Some of the user preferences are not totally utilized – on the sunrise/sunset screen, you get 24-hour time even if you select 12-hour time. And the date is displayed as DDMM even if you select the American MMDD format option.

The GPS function can record position information every second or once every minute. That’s it. Since we’re dealing with very limited battery capacity, I think more options need to be available here. I’d like to see 5, 10, 15, 20, 30-minute intervals to wring more battery life from the unit. The limit is 8000 track points. That’s good for 11 12-hour days, recharging the unit nightly.

If you give up track logs but still use GPS a couple times a day, you could probably go a couple of days between recharges.

I don’t know if the watch’s firmware can be user updated. It’s not documented in the manuals and I couldn’t find a firmware page on their website. There’s no “display version” option in the watches menu system.

The “night mode” for the X9’s backlit display is not well implemented. Night mode tells the watch to activate it’s backlighting whenever a button is pressed. You have to tell the watch when to use night mode. I think the watch should know when it’s night and adjust the backlight option accordingly.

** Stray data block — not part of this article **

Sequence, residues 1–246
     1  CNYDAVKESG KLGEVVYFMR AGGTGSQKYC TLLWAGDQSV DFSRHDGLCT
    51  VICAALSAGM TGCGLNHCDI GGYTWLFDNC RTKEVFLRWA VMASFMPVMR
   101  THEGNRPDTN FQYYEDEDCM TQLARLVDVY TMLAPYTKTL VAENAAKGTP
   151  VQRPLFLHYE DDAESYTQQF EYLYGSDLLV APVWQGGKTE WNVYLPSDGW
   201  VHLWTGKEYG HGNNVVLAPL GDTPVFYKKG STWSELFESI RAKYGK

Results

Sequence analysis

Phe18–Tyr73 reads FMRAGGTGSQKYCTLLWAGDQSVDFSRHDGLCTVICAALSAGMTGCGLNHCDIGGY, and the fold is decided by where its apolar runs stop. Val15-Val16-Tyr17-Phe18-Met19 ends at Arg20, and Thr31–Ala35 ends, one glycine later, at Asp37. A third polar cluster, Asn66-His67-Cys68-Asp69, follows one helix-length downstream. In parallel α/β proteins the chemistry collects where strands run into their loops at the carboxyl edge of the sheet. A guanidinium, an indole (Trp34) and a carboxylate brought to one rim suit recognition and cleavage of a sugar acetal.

These is no provision for daylight saving time. You have to adjust the UTC offset manually for DST. Many GPS received are also “dumb” when it comes to DST.

The watch does not lay flat because the thick wristbands are permanently curved. So it has to sit on its side or face when not on your wrist. The crystal is well recessed, so scratching is minimized.

The watchband is a bit hard to take off you arm, as it’s hard to unattach the buckle tongue and the buckle doesn’t easily slide over the strap.

GPS sensitivity is much lower as compared to my Garmin Etrex. The Etrex locked and maintained quicker and longer than the X9. I didn’t keep the watch long enough for extended field testing of GPS sensitivity, but I doubt the X9 would maintain a lock while worn on the wrist without clear view of the sky.